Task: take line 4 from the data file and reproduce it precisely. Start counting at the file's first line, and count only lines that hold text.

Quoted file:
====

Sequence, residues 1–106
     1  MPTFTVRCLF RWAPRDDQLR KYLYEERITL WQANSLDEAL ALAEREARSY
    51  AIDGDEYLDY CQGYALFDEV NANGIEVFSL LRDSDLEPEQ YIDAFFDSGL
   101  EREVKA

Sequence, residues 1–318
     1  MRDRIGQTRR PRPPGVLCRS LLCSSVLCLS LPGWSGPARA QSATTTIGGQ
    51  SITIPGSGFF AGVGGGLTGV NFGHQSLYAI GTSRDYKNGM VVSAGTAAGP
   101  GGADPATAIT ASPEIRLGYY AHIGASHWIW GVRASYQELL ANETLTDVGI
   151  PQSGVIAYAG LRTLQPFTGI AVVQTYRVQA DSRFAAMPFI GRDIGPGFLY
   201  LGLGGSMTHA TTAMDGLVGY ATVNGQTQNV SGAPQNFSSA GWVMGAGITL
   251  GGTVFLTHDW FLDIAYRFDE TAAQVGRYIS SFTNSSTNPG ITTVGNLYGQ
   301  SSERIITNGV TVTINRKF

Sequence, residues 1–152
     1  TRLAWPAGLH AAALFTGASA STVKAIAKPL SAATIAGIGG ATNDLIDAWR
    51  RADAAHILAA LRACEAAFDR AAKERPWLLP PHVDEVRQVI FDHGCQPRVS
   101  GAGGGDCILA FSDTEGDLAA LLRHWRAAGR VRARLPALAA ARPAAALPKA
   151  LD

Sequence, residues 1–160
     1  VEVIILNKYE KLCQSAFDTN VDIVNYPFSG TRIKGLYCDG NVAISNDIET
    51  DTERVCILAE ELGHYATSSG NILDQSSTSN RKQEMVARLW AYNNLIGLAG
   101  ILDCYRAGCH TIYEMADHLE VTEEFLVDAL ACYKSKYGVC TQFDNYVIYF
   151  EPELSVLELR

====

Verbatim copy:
   101  EREVKA